China tax change could help environmental firms

18 February 2008
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18 February 2008 | Paul Snell

China's move to a standard rate of corporation tax at the start of this year could boost the country's hi-tech and environmental sectors.

According to accountants Grant Thornton, the move to a unified level of tax across the country will increase bills for foreign firms, but incentives will be passed to other industries.

On the 1 January China introduced a flat rate of corporation tax of 25 per cent across the country. Previously rates varied between 15 and 33 per cent. International firms will now pay the same rate as domestic companies (News, 29 March 2007).

Stephen Weatherseed, head of the Grant Thornton UK China Group, said in a statement: "Incentives previously aimed at encouraging foreign investment are now being pushed toward hi-tech and environmentally friendly companies with measures including generous tax breaks for research and development and environmental spending."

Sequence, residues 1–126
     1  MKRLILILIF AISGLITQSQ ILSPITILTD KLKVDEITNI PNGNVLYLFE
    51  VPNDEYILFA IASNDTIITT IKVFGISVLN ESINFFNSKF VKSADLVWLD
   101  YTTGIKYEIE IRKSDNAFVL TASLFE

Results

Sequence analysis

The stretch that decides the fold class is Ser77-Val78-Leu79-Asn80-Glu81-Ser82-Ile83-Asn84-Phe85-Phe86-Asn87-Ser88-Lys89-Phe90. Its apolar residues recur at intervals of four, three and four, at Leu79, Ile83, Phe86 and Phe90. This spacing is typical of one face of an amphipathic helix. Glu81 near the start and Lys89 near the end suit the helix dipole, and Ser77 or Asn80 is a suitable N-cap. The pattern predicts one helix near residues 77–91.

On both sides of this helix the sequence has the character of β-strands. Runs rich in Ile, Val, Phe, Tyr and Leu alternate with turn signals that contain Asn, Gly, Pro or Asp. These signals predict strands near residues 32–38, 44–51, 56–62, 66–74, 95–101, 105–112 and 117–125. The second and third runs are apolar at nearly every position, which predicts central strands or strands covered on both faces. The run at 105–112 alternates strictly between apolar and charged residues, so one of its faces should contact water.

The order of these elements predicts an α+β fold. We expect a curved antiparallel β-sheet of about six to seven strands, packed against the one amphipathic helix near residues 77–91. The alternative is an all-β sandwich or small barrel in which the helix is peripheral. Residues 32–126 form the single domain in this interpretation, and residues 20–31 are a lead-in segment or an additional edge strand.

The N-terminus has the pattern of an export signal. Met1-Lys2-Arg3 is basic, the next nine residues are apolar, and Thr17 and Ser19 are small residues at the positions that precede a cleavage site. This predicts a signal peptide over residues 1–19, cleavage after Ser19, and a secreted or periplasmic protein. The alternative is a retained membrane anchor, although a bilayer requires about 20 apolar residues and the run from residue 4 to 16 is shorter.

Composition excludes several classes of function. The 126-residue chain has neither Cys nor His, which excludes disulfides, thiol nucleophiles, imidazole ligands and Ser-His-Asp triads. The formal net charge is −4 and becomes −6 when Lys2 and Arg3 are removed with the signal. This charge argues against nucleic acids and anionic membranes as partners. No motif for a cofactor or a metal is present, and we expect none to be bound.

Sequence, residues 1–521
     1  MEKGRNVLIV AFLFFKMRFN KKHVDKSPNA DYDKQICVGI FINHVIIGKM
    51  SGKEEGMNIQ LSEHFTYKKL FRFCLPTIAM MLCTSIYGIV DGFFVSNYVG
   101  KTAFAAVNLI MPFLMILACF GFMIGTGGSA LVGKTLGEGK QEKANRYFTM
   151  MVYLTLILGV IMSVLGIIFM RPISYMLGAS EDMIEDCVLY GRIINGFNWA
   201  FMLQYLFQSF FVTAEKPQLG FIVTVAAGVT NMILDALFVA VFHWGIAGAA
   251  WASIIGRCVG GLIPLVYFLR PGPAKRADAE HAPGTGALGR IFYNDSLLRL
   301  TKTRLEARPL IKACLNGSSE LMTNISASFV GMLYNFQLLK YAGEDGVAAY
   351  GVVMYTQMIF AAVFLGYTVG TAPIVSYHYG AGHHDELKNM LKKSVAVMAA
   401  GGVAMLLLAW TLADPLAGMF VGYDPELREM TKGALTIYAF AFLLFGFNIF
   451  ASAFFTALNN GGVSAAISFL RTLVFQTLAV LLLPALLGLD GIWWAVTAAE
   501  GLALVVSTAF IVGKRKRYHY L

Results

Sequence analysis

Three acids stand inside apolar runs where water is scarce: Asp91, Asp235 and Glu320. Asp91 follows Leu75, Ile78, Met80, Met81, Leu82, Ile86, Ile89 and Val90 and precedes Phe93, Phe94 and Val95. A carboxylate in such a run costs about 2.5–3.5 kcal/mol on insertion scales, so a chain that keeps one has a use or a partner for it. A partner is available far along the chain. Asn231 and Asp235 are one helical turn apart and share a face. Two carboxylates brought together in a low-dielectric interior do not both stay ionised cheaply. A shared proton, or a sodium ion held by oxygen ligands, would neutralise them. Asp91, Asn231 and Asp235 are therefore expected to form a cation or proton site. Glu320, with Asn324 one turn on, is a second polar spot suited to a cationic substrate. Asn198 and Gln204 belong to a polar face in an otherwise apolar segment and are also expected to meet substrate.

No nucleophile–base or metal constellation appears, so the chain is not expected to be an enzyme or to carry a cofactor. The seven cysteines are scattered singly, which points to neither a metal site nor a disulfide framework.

But while the cost of doing business in the country will rise, the low-cost nation will remain a popular choice for buyers.

"China is and will remain a huge market, and UK companies are continuing to invest heavily," said Nick Farr, tax partner at Grant Thornton. "A growing challenge now for international companies will be competing against ever more confident domestic Chinese players."


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